September 11th, 2017
NORTH NEWTON, KAN. – Bethel College Professor of Education Allen Jantz finds one of the greatest rewards of his work to be shaping students into teachers who are “equipped to be successful.”
Jantz earned another reward from peers and students when Brad Born, Bethel vice president for academic affairs, presented Jantz with the Ralph P. Schrag Distinguished Teaching Award during the 2014 commencement ceremonies May 18.
The award recognizes a Bethel faculty member who has made an outstanding contribution to teaching. Presenting this award at commencement affirms “the importance Bethel College places on excellent teaching by our faculty and learning by our students,” Born said.
Jantz has an undergraduate degree in mathematical sciences from Bethel College and earned a master’s degree in educational administration and supervision and a doctorate in educational leadership from Wichita State University.
He worked in public school education for the first 12 years of his professional career, five years as a high school math teacher and seven years in middle school and high school administration. He joined the Bethel faculty in 1996 and for the last 18 years has led Bethel’s teacher education program.
As a public school teacher and administrator, Jantz “developed a large network of connections in Kansas education, and he continues to be an active leader in state-wide professional education,” Born said.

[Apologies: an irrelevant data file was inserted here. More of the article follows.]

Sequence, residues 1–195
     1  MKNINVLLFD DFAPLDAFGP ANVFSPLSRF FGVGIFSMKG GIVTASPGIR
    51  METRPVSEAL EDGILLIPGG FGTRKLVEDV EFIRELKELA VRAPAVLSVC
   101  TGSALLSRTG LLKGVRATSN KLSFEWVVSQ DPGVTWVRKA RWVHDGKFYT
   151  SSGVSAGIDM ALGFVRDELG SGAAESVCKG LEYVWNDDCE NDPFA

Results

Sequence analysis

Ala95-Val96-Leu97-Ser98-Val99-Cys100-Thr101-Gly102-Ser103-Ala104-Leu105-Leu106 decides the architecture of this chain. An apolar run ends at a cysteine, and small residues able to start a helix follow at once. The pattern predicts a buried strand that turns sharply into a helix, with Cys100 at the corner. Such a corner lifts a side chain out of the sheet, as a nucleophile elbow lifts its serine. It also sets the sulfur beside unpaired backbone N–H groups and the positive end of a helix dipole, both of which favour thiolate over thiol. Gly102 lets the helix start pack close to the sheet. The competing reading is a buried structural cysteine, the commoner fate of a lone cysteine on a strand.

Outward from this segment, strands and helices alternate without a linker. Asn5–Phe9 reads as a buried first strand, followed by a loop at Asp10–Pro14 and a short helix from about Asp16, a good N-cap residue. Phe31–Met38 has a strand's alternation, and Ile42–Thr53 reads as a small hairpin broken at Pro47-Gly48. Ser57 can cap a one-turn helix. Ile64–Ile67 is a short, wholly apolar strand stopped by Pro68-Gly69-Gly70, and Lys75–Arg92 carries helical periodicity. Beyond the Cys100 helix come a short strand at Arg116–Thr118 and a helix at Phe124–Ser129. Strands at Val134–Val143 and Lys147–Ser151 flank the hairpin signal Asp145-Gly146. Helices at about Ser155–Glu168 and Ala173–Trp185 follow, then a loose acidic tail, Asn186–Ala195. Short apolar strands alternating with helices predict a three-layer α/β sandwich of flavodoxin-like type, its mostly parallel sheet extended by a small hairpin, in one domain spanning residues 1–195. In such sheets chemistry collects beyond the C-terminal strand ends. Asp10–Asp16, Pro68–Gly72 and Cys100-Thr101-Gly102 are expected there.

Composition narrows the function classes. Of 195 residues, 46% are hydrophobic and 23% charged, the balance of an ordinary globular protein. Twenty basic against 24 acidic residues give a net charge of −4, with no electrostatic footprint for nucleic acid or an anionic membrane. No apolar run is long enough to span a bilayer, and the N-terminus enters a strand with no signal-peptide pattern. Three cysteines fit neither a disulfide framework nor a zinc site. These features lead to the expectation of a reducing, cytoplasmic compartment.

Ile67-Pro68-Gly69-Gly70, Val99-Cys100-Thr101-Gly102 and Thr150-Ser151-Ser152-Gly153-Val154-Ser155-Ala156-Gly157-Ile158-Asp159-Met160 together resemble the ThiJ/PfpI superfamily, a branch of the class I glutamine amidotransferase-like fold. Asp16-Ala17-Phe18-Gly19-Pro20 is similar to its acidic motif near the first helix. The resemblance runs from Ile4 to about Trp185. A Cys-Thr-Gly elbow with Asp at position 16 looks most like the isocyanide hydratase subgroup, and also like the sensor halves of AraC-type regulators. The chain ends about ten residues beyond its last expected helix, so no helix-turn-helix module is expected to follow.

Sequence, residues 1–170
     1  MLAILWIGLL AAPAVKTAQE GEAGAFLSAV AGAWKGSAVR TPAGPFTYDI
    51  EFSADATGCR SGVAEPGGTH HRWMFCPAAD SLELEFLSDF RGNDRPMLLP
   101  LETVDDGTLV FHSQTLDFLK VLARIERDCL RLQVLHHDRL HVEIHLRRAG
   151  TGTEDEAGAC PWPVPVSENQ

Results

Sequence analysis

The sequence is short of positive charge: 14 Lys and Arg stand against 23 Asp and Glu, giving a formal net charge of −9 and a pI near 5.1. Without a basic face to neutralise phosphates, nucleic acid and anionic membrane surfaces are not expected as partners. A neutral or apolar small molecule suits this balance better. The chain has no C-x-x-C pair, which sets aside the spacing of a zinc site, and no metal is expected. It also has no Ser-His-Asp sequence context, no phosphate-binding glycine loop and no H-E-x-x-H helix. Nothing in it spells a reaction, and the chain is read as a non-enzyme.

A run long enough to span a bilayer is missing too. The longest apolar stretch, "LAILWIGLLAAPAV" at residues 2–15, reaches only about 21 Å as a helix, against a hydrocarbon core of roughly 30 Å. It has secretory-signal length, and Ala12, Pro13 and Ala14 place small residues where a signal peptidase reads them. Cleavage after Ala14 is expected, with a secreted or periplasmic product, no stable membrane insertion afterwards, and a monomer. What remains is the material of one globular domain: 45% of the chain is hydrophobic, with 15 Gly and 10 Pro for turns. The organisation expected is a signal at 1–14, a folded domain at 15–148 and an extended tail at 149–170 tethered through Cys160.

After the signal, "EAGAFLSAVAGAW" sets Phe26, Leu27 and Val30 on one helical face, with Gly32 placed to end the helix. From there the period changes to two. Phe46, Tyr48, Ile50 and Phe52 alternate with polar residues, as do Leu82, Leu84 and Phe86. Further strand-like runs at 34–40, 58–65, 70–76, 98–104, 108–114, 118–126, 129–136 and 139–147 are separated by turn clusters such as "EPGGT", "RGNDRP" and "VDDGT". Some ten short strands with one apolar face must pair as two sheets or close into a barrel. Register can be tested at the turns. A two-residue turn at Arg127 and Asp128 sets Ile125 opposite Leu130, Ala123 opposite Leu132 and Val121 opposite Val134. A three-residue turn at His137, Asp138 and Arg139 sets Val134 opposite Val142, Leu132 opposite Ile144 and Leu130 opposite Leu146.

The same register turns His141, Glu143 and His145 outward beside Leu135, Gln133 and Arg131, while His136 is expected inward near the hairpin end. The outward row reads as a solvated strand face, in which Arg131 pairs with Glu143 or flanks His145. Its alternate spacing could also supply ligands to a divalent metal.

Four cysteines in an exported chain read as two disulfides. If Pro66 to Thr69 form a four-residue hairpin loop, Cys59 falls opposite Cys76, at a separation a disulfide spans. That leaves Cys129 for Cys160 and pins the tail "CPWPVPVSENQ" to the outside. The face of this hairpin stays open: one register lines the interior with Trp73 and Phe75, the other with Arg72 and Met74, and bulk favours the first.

Jantz has served several terms, including holding the office of president, for both the Kansas Association for Colleges of Teacher Education and the Kansas Association of Private Colleges for Teacher Education.
He has filled numerous roles with the Kansas State Department of Education, including Program Review Writing Team, Kansas Performance Teaching Portfolio group, Teaching in Kansas Commission and Kansas Educational Leadership Commission.
Regionally, Jantz chaired the board of directors of the Educational Services and Staff Development Association of Central Kansas (ESSDACK). Locally, he served eight years on the USD 373-Newton Board of Education.
“Allen sustains that level of engagement with professional associations because of his deep commitment to public education for all Kansas school children,” Born said. “For Bethel College, his professional activity ensures that our teacher education students are being trained in a program led by an expert who sustains current and best practices for preparing excellent teachers.”
Though they are aware of Jantz’s professional accomplishments in the wider educational arena, what students praise is his teaching and work to ensure that they are “well-equipped to step away from Bethel and step into their own classrooms,” Born said.
“Students are almost unanimous in their praise for the value of ‘micro-teaching’ activities in Allen’s Introduction to Education course, where they begin to hone their teaching skills by practicing before their classmates. They frequently cite Allen’s modeling of numerous teaching techniques as a strength of his instruction.
“They praise his self-reflection and awareness as a teacher, one who monitors students’ response and adapts his methods when needed to ensure their learning. They appreciate Allen’s care for their development and his personal investment in their success.”
Jantz’s own reflection on what he most enjoys about his position as Bethel director of teacher education include this statement: “The most rewarding part of my position is that I get to work with student teachers.
“When students enter student teaching, they enter as students. Along the way, roughly six to seven weeks into their experience, they become teachers. It seems cliché, but it is true that it literally brings tears to my eyes as I watch this transformation.
“When our students graduate, I know that they are equipped to be successful.”